Max Landis calls Superman:
a person who could do anything, and chooses to do the right thing out of kindness, not obligation
A Buddhist would call that बोधिसत्त्व.
Superman's moral judgment is perfected, he feels no fear, his compassion is limitless, and he is empowered with siddhis of every real or imagined human capacity to a divine, superhuman degree. He draws his powers from the golden light of the Sun.
Those who know the chakra system might call this anāhata, the heart.
But Superman is a Western god, transmitted to us originally by a couple of Jewish kids from the holy city of Cleveland, so his symbolism is best understood in terms of the Hermetic qabalah. In that system tifareth, which means “beauty” (whose number is six and planet is the Sun, color is yellow, metal is gold) closely mirrors anāhata. Superman is traditionally depicted wearing the blue of chesed (“mercy”, the protective and sustaining sphere, corresponding to four, Jupiter, and tin) trimmed in the red of gevurah (“strength”, the fierce and active counterpart to chesed, corresponding to five, Mars, and iron). Over his heart there is an emblem which shows his sigil over a field of the yellow of tifrareth, bound within a five-sided shield in the red of gevurah.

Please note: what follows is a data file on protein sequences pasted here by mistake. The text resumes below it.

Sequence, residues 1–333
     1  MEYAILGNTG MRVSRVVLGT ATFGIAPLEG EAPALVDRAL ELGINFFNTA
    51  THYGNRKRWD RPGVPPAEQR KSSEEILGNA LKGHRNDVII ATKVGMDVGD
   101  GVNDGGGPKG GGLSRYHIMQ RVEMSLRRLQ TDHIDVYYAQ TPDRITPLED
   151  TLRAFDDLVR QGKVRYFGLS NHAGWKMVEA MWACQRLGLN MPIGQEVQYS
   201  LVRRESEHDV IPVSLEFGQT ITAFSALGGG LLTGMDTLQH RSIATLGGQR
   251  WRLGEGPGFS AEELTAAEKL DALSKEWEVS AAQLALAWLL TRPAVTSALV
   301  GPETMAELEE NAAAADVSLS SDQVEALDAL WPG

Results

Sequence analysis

He bears the Hebrew angelic name Kal-El, “The Grip of God”. His father bears the name Jor-El, “Teacher of God”; his mother bears the name Lara, “Of The Initiation”; his cousin Supergirl bears the name Kara Zor-El, “Call To God's Stranger”.
The aspirant may benefit from meditation on the significance of these colors, sigils, and names.
Image courtesy of a lovely post about the Last Son of Krypton at Theory of Everything Comics.
Bonus: More pop Buddhas from io9.